Stoke-on-Trent City Council executive director for place David Sidaway said: “The Staffordshire Hoard continues to dazzle and amaze as an internationally imortant and history-defining collection. The new research is incredibly exciting. Historic England’s funding will help partners to continue to work together to unlock its secrets and we urge the public to continue with their incredibly generous support to help with this.”
The research has pieced together the fragments of this incredible hoard and casts new light on the Anglo-Saxon world. Two extremely significant objects have been reconstructed and are now on display at Birmingham Museum and Art Gallery.
Archaeologists and a conservator worked for three solid days to begin to piece together the vast collection of some 1,500 thin, fragile silver sheets, and strips, believed to come from a dismantled helmet. Anglo-Saxon helmets are incredibly rare, and the hoard example is the fifth to be discovered. The painstaking job saw these fragments - many less than 10mm across and making up around a third of the Hoard in size - pieced together to reveal intricate, die-stamped designs. These remarkable designs depict human warriors and male moustachioed faces, as well as birds, animals and mythical beasts, like others seen in the rest of the hoard. Some warrior figures themselves wear helmets. It’s possible these are ancestral or idealised warriors, intended to give spiritual support to the wearer.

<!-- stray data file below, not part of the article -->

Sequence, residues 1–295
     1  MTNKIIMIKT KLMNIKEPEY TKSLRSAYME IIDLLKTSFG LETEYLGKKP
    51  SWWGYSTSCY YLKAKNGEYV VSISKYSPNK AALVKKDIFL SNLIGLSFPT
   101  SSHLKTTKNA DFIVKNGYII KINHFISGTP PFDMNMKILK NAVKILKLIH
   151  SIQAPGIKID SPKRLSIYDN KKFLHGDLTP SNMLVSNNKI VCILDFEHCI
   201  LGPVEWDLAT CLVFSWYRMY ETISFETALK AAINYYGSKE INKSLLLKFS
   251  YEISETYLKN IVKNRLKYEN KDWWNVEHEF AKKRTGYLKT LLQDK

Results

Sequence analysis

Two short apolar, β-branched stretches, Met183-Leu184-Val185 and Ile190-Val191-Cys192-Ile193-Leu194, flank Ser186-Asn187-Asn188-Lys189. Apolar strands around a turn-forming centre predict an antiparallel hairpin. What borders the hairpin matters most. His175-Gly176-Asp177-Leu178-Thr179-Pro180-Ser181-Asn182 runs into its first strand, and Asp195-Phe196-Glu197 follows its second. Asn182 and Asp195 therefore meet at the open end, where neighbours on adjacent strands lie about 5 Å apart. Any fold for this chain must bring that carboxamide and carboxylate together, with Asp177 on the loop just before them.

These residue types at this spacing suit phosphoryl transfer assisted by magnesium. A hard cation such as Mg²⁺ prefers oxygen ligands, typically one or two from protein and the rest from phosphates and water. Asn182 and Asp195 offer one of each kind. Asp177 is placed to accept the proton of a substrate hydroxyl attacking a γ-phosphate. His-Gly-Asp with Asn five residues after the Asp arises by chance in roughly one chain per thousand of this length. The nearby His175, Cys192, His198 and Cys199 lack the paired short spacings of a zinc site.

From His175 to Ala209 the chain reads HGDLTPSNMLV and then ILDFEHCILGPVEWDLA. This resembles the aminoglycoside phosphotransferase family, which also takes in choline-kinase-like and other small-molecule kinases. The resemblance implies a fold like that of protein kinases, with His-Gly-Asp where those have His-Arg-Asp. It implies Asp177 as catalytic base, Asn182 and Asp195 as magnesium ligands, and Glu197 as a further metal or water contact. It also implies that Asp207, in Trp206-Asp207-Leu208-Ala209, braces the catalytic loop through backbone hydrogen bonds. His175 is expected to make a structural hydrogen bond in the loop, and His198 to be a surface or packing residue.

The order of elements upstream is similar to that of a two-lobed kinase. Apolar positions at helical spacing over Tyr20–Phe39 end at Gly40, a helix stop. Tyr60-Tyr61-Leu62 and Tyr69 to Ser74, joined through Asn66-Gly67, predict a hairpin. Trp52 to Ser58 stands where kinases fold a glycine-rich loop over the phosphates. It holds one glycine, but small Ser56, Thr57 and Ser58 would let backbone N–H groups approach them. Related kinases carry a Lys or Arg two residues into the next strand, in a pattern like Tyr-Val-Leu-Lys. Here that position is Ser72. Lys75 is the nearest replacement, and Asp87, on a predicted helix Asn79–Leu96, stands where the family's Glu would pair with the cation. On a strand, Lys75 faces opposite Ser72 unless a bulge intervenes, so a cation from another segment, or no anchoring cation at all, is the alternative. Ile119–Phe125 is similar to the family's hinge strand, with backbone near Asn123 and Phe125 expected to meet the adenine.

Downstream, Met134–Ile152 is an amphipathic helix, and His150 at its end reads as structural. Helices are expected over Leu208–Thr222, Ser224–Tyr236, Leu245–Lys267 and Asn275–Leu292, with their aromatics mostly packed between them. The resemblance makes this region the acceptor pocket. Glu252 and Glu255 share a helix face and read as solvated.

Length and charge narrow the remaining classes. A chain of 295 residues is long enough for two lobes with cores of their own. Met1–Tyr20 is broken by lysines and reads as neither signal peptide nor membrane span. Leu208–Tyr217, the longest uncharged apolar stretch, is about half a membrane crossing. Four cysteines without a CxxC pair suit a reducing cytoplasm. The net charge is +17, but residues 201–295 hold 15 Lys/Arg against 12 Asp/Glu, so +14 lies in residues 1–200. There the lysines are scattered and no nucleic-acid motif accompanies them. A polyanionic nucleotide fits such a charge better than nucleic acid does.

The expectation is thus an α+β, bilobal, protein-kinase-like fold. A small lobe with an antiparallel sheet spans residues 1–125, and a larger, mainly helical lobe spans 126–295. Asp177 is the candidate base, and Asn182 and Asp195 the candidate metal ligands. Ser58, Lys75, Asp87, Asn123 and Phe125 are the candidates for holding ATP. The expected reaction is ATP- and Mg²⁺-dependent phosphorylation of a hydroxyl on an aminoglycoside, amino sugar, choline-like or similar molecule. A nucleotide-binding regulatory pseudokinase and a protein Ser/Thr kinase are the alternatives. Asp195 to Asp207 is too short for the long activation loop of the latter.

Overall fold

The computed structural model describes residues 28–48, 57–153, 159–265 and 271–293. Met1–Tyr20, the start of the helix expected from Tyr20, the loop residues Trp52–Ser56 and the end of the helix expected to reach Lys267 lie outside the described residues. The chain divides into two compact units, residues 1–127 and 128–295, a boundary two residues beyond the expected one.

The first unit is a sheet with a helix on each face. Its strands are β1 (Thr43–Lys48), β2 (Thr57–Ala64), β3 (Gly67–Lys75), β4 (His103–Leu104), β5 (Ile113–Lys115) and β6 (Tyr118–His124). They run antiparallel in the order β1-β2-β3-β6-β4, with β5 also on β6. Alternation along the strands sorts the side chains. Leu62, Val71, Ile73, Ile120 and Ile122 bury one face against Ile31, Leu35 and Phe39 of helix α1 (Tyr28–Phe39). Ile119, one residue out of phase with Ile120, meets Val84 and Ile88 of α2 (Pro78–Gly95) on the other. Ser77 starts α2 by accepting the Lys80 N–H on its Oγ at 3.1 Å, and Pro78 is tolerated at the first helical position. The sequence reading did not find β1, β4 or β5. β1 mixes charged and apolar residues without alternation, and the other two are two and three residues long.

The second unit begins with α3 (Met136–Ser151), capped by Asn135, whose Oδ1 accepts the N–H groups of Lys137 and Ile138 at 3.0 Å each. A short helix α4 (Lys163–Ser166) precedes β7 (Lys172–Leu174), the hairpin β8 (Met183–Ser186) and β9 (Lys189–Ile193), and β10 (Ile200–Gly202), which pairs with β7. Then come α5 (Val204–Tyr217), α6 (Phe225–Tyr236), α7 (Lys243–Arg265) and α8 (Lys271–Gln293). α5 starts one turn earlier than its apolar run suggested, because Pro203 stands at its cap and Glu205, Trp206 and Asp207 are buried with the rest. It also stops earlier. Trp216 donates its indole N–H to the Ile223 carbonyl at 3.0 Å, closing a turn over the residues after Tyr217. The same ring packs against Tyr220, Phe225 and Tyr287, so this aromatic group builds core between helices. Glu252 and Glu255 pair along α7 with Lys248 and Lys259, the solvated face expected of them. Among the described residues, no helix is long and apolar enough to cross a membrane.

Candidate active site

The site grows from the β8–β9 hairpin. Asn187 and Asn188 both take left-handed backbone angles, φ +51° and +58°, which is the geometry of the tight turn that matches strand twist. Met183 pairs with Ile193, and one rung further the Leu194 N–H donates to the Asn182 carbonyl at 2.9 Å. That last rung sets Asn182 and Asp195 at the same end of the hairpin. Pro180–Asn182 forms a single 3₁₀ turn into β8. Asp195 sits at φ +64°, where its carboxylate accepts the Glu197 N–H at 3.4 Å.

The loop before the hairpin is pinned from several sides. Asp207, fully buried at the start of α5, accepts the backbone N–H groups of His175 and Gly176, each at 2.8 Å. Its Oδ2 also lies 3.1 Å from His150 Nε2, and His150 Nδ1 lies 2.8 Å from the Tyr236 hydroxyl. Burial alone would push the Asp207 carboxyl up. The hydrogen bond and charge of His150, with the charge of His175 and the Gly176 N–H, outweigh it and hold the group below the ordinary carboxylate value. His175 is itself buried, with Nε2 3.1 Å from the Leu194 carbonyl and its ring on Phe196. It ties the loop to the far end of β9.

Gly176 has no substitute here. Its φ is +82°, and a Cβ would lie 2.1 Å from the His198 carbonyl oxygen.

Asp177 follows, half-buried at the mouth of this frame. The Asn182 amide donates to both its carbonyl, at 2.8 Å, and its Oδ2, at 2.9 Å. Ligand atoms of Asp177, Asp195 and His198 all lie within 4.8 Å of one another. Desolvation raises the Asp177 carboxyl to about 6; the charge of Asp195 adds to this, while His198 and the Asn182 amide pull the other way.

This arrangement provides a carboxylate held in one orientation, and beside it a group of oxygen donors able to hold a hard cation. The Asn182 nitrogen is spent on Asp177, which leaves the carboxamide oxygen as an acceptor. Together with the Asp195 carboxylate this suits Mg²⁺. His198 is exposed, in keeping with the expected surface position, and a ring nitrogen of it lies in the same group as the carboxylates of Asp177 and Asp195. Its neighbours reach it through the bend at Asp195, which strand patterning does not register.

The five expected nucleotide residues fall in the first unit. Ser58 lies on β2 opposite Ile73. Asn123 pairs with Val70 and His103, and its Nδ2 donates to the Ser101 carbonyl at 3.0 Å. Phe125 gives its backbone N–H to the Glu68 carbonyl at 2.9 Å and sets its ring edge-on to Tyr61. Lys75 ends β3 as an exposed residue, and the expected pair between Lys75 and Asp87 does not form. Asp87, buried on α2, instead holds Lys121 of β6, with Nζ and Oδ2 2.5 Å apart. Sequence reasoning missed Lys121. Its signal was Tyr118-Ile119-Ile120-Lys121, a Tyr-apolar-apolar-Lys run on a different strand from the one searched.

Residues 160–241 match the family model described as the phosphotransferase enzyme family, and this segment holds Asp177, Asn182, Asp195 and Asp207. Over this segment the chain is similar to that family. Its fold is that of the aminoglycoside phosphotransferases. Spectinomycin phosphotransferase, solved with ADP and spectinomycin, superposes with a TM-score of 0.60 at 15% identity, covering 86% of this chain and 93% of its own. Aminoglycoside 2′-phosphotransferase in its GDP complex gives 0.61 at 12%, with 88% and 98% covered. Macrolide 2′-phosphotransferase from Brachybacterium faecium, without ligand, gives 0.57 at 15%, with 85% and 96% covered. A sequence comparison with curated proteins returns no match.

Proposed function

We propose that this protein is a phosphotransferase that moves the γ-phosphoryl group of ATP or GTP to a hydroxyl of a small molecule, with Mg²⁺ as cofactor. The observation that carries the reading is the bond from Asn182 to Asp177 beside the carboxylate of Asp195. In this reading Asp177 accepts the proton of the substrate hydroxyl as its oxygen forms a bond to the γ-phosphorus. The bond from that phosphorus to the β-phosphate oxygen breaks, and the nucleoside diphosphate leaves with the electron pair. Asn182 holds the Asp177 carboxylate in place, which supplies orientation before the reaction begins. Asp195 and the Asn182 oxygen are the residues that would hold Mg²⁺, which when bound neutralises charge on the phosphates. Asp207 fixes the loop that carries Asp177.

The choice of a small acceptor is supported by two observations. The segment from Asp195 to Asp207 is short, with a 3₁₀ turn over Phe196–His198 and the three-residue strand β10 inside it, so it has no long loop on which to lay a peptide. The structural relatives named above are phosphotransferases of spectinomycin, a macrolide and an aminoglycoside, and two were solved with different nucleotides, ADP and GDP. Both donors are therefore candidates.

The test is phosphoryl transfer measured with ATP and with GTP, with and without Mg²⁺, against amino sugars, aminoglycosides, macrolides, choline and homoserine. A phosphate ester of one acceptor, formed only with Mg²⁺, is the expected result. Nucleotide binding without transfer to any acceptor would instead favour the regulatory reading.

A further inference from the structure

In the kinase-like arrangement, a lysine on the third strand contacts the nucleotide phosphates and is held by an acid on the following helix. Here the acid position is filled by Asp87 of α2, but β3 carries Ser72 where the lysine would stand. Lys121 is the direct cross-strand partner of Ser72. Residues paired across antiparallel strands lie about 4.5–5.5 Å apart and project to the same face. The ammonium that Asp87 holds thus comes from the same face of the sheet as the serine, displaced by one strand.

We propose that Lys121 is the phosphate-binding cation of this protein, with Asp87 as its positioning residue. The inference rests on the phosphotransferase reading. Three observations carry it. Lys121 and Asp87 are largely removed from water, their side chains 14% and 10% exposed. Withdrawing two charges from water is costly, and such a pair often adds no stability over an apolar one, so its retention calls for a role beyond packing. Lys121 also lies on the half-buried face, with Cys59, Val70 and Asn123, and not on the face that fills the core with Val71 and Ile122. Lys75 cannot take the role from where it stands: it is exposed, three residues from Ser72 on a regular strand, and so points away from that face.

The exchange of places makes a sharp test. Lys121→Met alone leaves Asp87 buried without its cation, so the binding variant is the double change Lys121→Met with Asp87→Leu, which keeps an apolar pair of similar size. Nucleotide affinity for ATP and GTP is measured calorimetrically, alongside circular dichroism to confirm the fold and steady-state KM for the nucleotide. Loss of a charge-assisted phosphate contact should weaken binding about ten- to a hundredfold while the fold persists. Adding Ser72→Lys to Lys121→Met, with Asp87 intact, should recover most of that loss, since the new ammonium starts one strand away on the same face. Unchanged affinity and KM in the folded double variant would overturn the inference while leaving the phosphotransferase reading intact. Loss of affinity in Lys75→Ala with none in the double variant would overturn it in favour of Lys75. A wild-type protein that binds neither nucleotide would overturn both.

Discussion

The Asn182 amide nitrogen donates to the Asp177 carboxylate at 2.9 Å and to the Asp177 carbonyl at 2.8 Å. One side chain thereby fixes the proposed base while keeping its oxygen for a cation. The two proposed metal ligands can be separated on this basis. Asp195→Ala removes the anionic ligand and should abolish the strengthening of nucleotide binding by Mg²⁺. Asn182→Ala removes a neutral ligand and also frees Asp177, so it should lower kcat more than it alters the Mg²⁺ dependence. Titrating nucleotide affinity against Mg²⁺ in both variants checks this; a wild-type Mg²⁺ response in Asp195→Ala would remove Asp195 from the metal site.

The team has also pieced together the fragments of a ‘helmet-band’, that it is thought ran around the circumference of the helmet (and which held one of the warrior friezes). Many of the sheet friezes were gilded with gold. In comparison, the helmet found at Sutton Hoo in 1939, in the royal ship-burial, was silver. This and the rarity of the object point to a princely or even kingly status for its owner. There is still so much more to be discovered about this fascinating helmet and work continues.
There are over seventy pommels (the part of the sword that fits at the end of a sword-grip) in the hoard, but this newly constructed one is exceptional, marking a completely unique type. Conservation and research teams identified and reassembled it from 26 fragments. Although Anglo-Saxon in style, it also has British or Irish art influences. Its central garnet and glass inlaid disc can be seen to form an early Christian cross and on the other side is a motif formed of three serpents. So both Christian and pagan beliefs may be represented. This incredible object, was also decorated with gold filigree (fine wire ornament), and inlaid with niello (a black inlay formed from copper, silver, and lead sulphides). Most unusual is the rounded hump on the pommel’s shoulder, known as a ‘sword-ring’ - there would have been two originally, one on each shoulder. Many swords from this period in England and Europe have such rings, but the hoard pommel is the first to have had two. This, with its lavish ornament, points to it possibly belonging to an individual of significant status.